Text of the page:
it('can subtract a number', function(){
        ...
    });
});

Suites also share a functional scope and so it's possible to declare variables and functions inside a describe block which are accessible within specs:

```javascript
describe('Stats', function(){
    var counter = 1;
    
    it('can increment a number', function(){
        // the counter was = 1
        counter = counter + 1;
        expect(counter).toEqual(2);
    });
    
    it('can subtract a number', function(){
        // the counter was = 2
        counter = counter + 3;
        expect(counter).toEqual(5);
    });
});

Note: Suites are executed in the order in which their are described, which can be useful to know if you would prefer to see test results for specific parts of your application reported first.

Jasmine also supports 'spies' - a way to mock, spy and fake behaviour in our unit tests. Spies replace the function they're spying on, allowing us to simulate behaviour we would like to mock (i.e test free of the actual implementation).

In the below example, we're spying on the 'setComplete' method of a dummy Todo function to test that arguments can be passed to it as expected.

var Todo = function(){
};

Todo.prototype.setComplete = function (arg){
    return arg;
}

describe('a simple spy', function(){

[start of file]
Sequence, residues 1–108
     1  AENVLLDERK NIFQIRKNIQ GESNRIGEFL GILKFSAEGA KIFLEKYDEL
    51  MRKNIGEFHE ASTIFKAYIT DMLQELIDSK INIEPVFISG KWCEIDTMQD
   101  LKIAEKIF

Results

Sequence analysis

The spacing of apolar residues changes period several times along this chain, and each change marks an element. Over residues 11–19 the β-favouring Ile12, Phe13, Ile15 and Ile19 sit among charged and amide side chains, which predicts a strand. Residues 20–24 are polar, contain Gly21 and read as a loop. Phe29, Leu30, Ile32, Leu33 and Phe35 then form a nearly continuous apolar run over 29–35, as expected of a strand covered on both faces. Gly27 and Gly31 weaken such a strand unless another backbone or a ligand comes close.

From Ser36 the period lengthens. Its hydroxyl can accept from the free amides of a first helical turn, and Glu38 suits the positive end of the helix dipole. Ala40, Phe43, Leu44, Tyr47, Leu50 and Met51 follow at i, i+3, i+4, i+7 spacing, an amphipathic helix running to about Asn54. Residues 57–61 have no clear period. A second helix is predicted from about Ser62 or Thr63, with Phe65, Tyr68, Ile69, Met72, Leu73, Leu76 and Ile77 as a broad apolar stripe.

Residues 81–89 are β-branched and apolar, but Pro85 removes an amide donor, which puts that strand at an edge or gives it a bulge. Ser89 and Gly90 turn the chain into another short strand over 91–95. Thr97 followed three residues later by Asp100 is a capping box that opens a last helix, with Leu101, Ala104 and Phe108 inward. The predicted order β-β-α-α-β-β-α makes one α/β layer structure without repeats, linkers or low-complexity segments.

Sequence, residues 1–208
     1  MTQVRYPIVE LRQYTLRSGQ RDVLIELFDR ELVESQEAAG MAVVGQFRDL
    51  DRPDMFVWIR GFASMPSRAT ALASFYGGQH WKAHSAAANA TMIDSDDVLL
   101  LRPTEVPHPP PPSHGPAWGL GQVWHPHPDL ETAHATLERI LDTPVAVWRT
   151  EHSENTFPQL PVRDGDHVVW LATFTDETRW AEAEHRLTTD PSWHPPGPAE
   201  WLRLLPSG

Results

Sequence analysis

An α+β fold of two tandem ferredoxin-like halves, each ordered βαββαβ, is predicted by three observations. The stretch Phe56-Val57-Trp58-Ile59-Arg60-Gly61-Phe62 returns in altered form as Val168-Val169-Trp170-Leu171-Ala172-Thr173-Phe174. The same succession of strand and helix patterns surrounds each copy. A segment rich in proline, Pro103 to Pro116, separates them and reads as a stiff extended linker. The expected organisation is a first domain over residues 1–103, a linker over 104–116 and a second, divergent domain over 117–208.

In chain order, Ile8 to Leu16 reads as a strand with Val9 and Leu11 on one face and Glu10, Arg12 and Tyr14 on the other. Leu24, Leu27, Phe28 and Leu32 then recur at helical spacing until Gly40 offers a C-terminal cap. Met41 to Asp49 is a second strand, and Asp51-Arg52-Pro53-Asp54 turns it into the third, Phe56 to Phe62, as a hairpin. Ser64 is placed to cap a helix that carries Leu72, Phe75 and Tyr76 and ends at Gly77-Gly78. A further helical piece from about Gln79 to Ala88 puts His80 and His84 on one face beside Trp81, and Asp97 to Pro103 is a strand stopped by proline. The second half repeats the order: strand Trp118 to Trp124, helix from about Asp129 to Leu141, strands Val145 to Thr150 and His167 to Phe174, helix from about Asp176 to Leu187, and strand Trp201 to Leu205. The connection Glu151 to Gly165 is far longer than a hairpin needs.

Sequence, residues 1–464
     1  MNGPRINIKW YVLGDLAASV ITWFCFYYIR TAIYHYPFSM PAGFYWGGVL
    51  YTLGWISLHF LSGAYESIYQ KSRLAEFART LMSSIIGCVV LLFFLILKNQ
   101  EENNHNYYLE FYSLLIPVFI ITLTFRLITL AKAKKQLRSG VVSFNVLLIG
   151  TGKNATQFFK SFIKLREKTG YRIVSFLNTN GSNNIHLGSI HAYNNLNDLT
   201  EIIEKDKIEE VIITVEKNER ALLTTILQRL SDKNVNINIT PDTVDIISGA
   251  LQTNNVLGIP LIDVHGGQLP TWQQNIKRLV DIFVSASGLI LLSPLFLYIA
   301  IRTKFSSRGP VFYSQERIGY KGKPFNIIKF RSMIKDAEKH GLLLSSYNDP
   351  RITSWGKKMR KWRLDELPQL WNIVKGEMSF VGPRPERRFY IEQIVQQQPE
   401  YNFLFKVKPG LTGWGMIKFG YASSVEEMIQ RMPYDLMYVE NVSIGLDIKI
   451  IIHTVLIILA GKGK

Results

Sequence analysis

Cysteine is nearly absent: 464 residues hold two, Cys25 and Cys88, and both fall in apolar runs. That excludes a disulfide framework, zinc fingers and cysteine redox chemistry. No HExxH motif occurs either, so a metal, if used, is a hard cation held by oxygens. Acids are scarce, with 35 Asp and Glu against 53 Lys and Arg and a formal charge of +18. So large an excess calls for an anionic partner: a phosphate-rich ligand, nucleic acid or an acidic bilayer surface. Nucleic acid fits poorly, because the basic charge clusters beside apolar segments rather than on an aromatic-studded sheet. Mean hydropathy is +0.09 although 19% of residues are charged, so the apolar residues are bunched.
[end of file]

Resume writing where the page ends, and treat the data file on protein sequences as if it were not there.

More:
it('should spy on an instance method of a Todo', function(){
        var myTodo = new Todo();
        spyOn(myTodo, 'setComplete');
        myTodo.setComplete('foo bar');
        
        expect(myTodo.setComplete).toHaveBeenCalledWith('foo bar');
        
        var myTodo2 = new Todo();
        spyOn(myTodo2, 'setComplete');
        
        expect(myTodo2.setComplete).not.toHaveBeenCalled();
        
    });
});

What you're more likely to use spies for is testing asynchronous behaviour in your application such as AJAX requests. Jasmine supports:

  • Writing tests which can mock AJAX requests using spies. This allows us to test code which runs before an AJAX request and right after. It's also possible to mock/fake responses the server can return and the benefit of this type of testing is that it's faster as no real calls are being made to a server
  • Asynchronous tests which don't rely on spies

For the first kind of test, it's possible to both fake an AJAX request and verify that the request was both calling the correct URL and executed a callback where one was provided.

it("the callback should be executed on success", function () {